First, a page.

NGC 7000, or the North America nebula, is an emisson nebula. An emission nebula is a patch of glowing clouds of hot interstellar matter. The North America nebula is about 1,600 light-years away and is found in the constellation Cygnus, close to Deneb.The nebula's angular size is equal to that of ones thumbnail held out at arm's length. Its linear size is roughly 50 light-years in height and 40 light-years in width. It was discovered by William Herschel on October 24, 1786, from Slough, England. Best seen in the autumn, the North America nebula is one of few impressive things you can view without a telescope. Even though it is far away, by locating Deneb and looking southeast with binoculars on a moonless evening you can see this neat nebula for yourself!
This image above when clicked on, shows an even bigger picture. The enlarged picture is actually four images sewn together to make a mosaic of this one, small piece of the immense North American nebula. To see images of the entire nebula click here.
When looking at the North America nebula, one of the arresting things about it is its brilliant scarlet color. The red color is caused by ionized hydrogen gas that is emitted from the intersellar cloud surrounding the nebula. In the photo taken above, we see a ruby colored light that expands from the center to the left edge of the picture that is dotted with stars. The black you see framing the red is black dust that blocks light from reaching us. Light is coming in from the right from a massive bright star that illuminates the nebula even though we are blocked from seeing the source. Further to the right is the Pelican nebula, a nebula that is actually attached but appears separate from the North America nebula because of the black dust. We can tell that the light is from a star hidden to the right by looking at the white ridge just down and a bit left of center. The ridge looks white because it is a concentrated area of hydrogen. Sprinkled stars appear more to the right of the ridge than the left because they are receiving ultraviolet light from the powerful star hidden like Oz behind a curtain of dust. The hidden star manipulating this scene is likely a very hot star that was born out of collasping material within the nebula which will burn brightly, and then too release to make new stars. Ashes to ashes, as they say.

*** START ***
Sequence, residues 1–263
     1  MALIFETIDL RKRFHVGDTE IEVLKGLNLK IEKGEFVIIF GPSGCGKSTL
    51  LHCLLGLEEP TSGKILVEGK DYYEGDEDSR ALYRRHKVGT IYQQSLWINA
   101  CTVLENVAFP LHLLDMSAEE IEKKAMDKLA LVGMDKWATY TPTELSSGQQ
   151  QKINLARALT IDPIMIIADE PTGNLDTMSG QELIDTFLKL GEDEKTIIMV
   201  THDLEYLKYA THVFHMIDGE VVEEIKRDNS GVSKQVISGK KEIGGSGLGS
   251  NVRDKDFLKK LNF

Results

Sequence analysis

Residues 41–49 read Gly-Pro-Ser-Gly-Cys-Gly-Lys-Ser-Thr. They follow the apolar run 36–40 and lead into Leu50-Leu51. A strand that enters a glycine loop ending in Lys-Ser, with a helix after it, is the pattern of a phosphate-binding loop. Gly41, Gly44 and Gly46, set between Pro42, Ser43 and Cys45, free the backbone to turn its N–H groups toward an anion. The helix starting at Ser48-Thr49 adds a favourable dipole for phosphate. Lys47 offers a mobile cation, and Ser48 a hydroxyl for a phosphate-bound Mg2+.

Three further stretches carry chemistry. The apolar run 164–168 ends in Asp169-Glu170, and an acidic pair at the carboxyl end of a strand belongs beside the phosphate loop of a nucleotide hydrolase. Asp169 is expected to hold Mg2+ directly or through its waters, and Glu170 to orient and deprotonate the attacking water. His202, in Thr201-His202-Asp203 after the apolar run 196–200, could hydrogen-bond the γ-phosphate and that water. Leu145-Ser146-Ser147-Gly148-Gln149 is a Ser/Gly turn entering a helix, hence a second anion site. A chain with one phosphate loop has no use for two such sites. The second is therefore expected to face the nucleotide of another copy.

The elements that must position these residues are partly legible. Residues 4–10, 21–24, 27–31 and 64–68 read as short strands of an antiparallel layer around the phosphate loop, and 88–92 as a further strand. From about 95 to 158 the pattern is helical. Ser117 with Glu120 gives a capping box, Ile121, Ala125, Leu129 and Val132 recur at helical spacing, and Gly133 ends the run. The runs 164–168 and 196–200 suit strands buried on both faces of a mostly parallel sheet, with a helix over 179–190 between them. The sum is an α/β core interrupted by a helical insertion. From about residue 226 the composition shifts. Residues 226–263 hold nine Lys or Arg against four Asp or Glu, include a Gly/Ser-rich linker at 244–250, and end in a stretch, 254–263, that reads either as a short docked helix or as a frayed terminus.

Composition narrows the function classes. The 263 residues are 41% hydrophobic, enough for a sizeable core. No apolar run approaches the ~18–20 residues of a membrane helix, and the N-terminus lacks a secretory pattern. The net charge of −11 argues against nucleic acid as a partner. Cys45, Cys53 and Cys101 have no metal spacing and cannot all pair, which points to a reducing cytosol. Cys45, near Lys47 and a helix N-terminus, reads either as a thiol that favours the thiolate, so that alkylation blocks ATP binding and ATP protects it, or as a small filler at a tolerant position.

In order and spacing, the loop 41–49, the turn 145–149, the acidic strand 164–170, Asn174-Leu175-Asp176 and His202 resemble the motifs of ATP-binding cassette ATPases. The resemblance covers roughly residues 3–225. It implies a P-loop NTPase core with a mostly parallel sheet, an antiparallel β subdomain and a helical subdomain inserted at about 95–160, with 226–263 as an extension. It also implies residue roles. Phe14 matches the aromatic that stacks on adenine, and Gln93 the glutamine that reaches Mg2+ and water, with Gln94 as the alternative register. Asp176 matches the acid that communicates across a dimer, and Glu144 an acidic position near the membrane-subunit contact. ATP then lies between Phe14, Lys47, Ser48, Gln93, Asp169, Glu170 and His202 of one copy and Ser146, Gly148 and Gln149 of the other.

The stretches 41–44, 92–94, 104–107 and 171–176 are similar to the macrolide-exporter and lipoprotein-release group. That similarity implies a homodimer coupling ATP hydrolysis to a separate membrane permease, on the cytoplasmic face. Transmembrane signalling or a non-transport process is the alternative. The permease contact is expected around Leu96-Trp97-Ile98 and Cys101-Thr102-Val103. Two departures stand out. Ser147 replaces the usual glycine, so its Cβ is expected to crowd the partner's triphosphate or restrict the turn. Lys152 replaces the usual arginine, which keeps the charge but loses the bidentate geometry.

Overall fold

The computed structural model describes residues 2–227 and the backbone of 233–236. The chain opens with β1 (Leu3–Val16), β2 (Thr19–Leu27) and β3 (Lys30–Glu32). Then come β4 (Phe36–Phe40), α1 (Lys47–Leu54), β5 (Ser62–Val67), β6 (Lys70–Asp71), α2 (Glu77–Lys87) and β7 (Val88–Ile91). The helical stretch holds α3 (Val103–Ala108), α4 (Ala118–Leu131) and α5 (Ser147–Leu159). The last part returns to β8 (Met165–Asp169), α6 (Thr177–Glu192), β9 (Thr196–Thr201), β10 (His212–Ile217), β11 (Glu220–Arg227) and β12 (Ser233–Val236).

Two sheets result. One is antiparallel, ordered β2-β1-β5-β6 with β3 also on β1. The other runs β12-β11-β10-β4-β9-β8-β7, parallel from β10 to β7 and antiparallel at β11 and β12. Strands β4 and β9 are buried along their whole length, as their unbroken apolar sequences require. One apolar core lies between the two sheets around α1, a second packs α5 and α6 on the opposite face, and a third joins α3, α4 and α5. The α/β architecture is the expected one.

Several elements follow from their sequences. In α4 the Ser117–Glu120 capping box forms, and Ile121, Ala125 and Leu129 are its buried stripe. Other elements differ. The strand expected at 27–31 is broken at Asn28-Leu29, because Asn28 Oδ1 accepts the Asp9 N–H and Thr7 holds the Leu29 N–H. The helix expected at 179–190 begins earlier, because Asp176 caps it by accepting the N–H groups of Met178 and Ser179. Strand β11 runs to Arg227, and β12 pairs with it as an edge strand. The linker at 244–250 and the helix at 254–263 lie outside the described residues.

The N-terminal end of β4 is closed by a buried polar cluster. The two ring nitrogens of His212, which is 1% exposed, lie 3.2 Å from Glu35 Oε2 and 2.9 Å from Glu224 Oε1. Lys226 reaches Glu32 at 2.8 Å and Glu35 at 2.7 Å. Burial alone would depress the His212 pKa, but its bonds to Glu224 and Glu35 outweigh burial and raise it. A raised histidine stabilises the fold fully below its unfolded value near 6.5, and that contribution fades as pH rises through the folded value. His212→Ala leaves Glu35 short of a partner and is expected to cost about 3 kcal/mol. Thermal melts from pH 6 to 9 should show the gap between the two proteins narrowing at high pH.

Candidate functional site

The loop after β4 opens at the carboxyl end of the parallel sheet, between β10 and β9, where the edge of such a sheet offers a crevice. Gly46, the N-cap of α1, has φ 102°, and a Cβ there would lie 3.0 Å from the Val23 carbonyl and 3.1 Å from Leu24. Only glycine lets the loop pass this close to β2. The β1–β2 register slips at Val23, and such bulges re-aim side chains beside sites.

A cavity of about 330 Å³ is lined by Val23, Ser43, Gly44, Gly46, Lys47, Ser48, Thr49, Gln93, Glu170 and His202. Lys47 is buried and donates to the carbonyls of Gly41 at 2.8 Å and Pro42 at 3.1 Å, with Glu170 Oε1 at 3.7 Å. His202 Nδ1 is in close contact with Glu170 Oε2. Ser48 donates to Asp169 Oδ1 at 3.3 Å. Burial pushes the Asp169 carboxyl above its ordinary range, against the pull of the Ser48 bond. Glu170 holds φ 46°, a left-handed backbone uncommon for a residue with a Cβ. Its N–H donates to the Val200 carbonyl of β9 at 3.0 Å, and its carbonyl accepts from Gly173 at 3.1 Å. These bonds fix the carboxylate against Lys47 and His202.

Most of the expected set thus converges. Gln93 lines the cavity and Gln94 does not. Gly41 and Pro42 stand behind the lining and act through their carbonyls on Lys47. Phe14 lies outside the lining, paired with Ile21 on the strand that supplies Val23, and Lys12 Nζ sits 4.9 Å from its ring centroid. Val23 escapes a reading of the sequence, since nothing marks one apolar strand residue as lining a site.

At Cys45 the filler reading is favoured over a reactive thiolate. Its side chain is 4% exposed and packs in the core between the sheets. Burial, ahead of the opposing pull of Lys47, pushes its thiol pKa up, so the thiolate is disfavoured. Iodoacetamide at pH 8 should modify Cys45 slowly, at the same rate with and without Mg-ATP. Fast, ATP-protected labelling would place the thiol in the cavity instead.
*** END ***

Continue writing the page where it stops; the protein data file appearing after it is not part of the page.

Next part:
Comins, Neil F. , and William J. Kaufmann III. Discovering the Universe. 5th. New York: W.H. Freeman and Company, 2000. Print.
McMillan, Chaisson. Astronomy Today. 7th. San Fransico: Pearson Education Inc., 2011. Print.
|Right Ascension (J2000)||20:59:07|
|Filters used||H alpha|
|Exposure time per filter||300 seconds per image|
|Date observed||October 14, 2011|